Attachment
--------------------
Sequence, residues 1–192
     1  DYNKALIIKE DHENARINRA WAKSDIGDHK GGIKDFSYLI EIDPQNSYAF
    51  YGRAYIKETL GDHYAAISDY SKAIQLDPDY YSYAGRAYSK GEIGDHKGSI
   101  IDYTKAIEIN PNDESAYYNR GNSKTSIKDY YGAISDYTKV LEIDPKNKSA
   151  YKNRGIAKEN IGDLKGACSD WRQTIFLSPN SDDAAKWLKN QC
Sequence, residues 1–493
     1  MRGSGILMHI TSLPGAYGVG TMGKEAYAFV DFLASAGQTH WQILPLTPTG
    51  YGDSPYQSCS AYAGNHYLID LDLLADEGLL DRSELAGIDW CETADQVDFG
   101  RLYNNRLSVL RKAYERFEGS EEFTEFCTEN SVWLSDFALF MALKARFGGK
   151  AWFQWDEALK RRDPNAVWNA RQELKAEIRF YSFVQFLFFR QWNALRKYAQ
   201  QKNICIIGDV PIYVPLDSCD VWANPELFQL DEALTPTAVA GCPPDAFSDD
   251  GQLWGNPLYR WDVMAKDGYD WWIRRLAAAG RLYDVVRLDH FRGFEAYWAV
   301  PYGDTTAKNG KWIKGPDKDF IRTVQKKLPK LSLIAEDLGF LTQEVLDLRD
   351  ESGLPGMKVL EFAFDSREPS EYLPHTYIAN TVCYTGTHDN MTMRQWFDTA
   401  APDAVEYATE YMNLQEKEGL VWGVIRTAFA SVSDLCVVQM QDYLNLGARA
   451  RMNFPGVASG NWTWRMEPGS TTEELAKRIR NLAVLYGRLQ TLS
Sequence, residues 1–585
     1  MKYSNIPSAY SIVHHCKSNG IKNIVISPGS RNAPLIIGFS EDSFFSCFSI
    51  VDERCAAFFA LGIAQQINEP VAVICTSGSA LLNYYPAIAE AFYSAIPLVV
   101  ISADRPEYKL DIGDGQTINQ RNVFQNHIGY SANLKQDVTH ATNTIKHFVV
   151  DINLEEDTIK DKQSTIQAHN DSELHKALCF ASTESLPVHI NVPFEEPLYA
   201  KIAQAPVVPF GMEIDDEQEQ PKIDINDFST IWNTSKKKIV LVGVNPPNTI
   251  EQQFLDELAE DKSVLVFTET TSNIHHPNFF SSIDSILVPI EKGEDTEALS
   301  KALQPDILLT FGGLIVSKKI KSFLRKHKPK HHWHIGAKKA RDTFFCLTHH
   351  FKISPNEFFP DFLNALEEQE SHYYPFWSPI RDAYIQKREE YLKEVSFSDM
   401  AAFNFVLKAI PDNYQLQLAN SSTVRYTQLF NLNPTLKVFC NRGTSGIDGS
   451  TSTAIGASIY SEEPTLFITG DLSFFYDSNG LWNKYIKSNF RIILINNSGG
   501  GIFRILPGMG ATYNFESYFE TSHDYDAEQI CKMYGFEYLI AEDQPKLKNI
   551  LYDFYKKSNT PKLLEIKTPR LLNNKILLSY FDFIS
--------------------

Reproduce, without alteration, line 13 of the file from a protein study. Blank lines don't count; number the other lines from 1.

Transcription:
   301  PYGDTTAKNG KWIKGPDKDF IRTVQKKLPK LSLIAEDLGF LTQEVLDLRD